Well, if those are the highlights of John’s vision—if that’s our destination—what changes for us now if we follow Jesus?
2. How then should we live?
Well, I can think of at least four ways it should change how we live this life. First—the pursuit of safety, justice, and prosperity for others should be important to us as Christians. Not in the generic secular sense but, rather, as a foreshadowing or foretasting of what life with God will one day be like!
Friends, if sin, fear, and danger will one day be put to death in Christ Jesus, then Christians should be the enticing fragrance of this coming reality right now for non-believers.
Second—the prospect of diversity in our fellowship should really excite us. We should long for our local churches to be composed of all kinds of people—young and old, rich and poor, black and white, male and female. The full spectrum of those who’ve placed their faith in Jesus Christ!
See, if the kingdom of God is going to be characterized by such diversity then shouldn’t we want to see, at least in part, what this beautiful future fellowship will be like?! And, won’t it speak a powerful word about God to our divided world when we display such diversity?! What else could foster and sustain such a unity across such a divide?
Third—our desire to draw people’s attention to Jesus and God’s good news should increase naturally as we believe more and more in his glorious future plans for this world and for us.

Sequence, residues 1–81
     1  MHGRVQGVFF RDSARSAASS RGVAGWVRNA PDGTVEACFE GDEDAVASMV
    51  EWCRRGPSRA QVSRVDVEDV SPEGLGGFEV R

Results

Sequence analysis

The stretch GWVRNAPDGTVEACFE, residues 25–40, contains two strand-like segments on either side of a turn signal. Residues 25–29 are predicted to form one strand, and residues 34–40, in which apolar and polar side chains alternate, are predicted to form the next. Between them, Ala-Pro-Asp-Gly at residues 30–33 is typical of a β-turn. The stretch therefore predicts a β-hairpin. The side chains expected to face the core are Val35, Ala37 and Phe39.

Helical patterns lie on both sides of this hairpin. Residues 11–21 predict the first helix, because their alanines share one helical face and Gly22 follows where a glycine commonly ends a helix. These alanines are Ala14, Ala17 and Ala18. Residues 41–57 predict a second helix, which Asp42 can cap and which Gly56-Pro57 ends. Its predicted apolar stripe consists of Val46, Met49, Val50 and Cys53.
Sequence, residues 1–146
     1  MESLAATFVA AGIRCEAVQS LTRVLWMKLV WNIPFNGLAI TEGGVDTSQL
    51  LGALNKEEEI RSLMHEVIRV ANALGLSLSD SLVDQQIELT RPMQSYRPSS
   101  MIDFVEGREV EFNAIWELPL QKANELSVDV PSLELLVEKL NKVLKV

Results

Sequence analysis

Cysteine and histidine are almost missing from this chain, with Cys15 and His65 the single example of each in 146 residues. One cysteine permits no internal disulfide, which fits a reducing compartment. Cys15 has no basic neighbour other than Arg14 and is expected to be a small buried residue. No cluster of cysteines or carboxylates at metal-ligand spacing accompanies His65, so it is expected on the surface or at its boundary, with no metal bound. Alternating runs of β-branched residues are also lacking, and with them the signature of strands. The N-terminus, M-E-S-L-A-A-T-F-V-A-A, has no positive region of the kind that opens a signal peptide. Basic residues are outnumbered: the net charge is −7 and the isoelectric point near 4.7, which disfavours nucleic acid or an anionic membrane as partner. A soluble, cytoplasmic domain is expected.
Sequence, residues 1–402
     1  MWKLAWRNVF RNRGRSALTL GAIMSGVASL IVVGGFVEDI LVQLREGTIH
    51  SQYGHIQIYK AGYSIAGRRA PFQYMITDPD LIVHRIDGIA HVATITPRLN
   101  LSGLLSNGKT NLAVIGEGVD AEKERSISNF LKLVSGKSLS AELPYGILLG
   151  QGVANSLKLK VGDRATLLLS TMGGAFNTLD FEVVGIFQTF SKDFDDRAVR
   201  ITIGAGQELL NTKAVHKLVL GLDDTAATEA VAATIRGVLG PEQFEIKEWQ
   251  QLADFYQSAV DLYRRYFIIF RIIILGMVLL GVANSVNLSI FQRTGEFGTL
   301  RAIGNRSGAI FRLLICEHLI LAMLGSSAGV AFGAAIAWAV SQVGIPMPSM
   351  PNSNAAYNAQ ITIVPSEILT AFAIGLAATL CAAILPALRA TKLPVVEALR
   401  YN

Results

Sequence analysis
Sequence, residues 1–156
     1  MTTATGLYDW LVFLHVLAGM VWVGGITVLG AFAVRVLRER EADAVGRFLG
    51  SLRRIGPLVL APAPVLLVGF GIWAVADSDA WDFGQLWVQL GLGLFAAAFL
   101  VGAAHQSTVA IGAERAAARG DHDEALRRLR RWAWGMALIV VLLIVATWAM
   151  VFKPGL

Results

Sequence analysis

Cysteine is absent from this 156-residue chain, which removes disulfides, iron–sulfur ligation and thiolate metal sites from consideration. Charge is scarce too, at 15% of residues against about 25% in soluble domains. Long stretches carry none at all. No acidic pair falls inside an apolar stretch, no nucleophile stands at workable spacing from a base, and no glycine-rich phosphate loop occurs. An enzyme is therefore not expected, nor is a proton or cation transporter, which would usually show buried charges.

Look, have you ever noticed that people really want to talk about the things which they love most? So, when young people are dating and begin to fall in love, it’s natural for them to constantly want to discuss their new, exciting relationship. And, when people have a really good meal at a restaurant, they want to tell others about it. They want others to know how great it was!
Friends, if we really believe this is our eternal destination in Christ Jesus then we should naturally want to share this amazing news with others! We should! What we talk about will tell us a lot about what we worship.
Finally—the grace of God, displayed in this great future, should compel us to love and serve God with our whole lives. Knowing what awaits us in Christ, knowing where this life ends for us as Christians, knowing we do not deserve it and could never have earned it, puts everything in perspective.
Such future knowledge, of the glory that awaits us, allows us to serve others when there’s no guarantee of reward.
It allows us to turn away from retaliation for wrongs committed against us.
It allows us to pray for those people who have injured us.
It allows us to even love and desire what’s best for all those who hate us.
Friends, there is no better place to end than with the encouragement to look toward this beatific future, which is for all who follow Christ, and, simultaneously, to look at Jesus:
. . . the founder and perfecter of our faith, who for the joy that was set before him endured the cross . . . and is [now] seated at the right hand of the throne of God (Hebrews 12:2).
May we serve just as Jesus did (not despising the difficult and the shameful!) in light of the glory of God that awaits us in Christ. Amen!